News and Events
Inaugural Alumni Project Serve Group Builds a Home with Habitat for Humanity
Before: the home at the start of the
Alumni Project Serve mission
When Hurricane Katrina bore down on the city of New Orleans, Louisiana, in 2005 it destroyed livelihoods, properties, and, sadly, many homes. It was fitting, then, that New Orleans became "home" to the first Alumni Project Serve group as they built a new family home with Habitat for Humanity in an area of the city still recovering from the devastation.
Mirroring the annual student Spring Break tradition, Project Serve, a group of 20 Pepperdine alumni, faculty, and staff spent three days on the construction project, performing all kinds of manual labor from roofing the house with shingles, to attaching weather resistant siding around the entire house. "You could say that our group gave the new home its 'armor' for the inevitable storms that lie ahead," says Matthew Ebeling, a Seaver College 1999 graduate and now the executive director of Alumni Affairs at Pepperdine.
Watch a video of the Alumni Project Serve team in action here.
After everything the people of New Orleans have been through, the significance of creating a safe, dependable home was not lost on Ebeling and his team. "After about a full day of hard work, it suddenly began to sink in with our volunteers that they were producing a home that a family would depend on for their security and togetherness," he notes. "It was humbling, knowing that we were all guilty at one time or another of taking for granted the very roof over our heads."
After: the home as it looked after three
The team got a small insight into how hard it must have been for the citizens of New Orleans as victims of the elements when the first day was spent miserably exposed to harsh winds and cold temperatures. Jack McManus, a professor of education at the Graduate School of Education and Psychology, recalls that he felt as cold as he had ever been, but that "no one complained, no one."
"We were there to do a job, not comment on the weather," he continues. Besides, the group had plenty of reminders of the challenges overcome by the people of New Orleans and by those, like them, determined to help.
"We met Ms. Wheelchair USA, who helped on the site also," McManus explains, adding that a team of students from Brenau University also worked with the Pepperdine team. "She was hauling away trash to the dumpster when we were leaving—in her wheelchair. And, by the way, her hands were covered in paint because she was painting a home all day."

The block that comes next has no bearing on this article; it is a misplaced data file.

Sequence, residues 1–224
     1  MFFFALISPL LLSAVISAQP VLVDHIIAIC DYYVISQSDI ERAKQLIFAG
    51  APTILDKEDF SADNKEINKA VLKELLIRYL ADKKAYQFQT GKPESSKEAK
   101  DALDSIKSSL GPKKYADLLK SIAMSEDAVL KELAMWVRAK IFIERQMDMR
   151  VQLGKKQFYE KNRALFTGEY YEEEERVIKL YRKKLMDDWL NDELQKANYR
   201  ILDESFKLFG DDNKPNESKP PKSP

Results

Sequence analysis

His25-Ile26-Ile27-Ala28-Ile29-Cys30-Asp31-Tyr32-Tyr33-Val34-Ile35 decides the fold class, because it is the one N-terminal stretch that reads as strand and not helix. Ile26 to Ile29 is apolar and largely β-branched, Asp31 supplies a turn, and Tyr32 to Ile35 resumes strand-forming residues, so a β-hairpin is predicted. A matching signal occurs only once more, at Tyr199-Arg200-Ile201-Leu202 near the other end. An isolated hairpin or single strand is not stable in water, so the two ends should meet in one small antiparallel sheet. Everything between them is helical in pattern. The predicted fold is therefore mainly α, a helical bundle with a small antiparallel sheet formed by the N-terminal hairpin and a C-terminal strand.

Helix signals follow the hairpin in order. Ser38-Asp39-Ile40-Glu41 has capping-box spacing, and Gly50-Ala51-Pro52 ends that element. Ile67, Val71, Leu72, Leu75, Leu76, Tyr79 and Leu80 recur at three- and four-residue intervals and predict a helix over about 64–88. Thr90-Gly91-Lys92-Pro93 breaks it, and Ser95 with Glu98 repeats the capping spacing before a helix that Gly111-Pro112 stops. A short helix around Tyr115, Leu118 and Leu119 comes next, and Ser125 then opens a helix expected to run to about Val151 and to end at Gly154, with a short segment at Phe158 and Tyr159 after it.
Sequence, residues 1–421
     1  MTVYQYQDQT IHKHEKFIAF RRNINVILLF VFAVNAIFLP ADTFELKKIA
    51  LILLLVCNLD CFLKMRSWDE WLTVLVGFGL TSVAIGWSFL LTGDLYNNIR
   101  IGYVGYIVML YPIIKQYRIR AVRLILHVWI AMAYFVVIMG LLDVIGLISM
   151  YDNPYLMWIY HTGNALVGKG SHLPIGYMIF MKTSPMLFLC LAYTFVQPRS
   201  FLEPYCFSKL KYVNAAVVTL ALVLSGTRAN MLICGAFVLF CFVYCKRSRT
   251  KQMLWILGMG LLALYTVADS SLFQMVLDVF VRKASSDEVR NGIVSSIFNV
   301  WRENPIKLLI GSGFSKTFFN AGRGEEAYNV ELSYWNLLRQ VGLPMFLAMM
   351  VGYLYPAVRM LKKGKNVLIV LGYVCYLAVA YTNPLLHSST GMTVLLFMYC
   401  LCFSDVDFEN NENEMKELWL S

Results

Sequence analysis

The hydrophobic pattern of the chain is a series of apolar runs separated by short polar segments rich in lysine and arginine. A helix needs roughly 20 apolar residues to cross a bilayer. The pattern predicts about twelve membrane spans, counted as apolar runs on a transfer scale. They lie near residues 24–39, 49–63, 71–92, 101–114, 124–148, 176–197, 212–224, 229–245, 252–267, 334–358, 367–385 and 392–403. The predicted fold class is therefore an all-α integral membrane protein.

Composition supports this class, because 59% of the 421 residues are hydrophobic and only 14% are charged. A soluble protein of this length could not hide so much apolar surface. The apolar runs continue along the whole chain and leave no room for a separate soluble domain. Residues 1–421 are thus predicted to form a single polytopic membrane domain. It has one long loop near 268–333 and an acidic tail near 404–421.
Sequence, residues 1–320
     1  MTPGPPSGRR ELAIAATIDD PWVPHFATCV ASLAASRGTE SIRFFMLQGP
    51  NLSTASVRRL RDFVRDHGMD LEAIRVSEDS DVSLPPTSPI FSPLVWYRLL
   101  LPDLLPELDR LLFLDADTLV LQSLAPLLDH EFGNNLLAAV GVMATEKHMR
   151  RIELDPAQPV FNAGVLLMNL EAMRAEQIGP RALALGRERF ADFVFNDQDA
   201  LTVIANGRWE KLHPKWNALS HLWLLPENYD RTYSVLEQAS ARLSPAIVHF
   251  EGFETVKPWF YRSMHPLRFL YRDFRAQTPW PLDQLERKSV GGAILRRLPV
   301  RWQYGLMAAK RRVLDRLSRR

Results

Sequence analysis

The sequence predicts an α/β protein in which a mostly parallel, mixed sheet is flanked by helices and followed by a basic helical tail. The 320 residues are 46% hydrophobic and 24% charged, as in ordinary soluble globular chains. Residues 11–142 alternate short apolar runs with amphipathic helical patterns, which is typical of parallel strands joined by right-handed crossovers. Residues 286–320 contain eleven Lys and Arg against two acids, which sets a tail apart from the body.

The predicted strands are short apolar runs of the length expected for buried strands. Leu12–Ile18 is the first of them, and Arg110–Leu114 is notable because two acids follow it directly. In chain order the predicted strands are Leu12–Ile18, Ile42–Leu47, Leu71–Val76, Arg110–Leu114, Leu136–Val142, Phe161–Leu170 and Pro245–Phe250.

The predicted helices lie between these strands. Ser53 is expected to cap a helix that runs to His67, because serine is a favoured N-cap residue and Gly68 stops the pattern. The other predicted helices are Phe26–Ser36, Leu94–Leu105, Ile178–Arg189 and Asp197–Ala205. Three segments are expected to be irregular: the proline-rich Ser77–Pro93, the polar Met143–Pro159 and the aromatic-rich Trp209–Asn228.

Brian Hall and Matt Gilling ('83)
work on the roof. Gilling is the
volunteer coordinator for
Habitat in Ventura County.
McManus' main duties involved anything covered by the label "rookie carpenter." Led by the site's master carpenter, Aaron, he hammered nails, measured long boards, cleaned up the worksite in the afternoon, and got everything ready again in the morning. It was a far cry from his usual routine at Pepperdine. "When we said our goodbyes, we got into the van, and sighed, and smiled," he says. "Yes, we were tired, but 'tired' is a passing feeling. Satisfaction that you have helped someone lasts a lot longer."
Ebeling and his fellow alumnus Giuseppe Nespoli (BA '04), now the director of alumni programs, decided to pioneer the project to give alumni the opportunity to continue to serve others as they had as students. "These service experiences with fellow classmates during my student days were a major part of the value I took away from my Seaver College experience, and I knew that many other alumni felt the same," says Ebeling.
Ebeling and Nespoli's instincts were right, as they discovered while arranging this first trip as an experiment to gauge interest. Within just five hours of sending the first email to alumni about the opportunity, and with just two weeks notice of the trip, all 20 spaces had been filled and they had to turn away 20 more.
"This instant outpour of selfless reaction from the Waves was an exhilarating indicator of what will be possible when we give our alumni plenty of advanced notice!" says Ebeling.
For more information, visit the Seaver College Alumni Web site.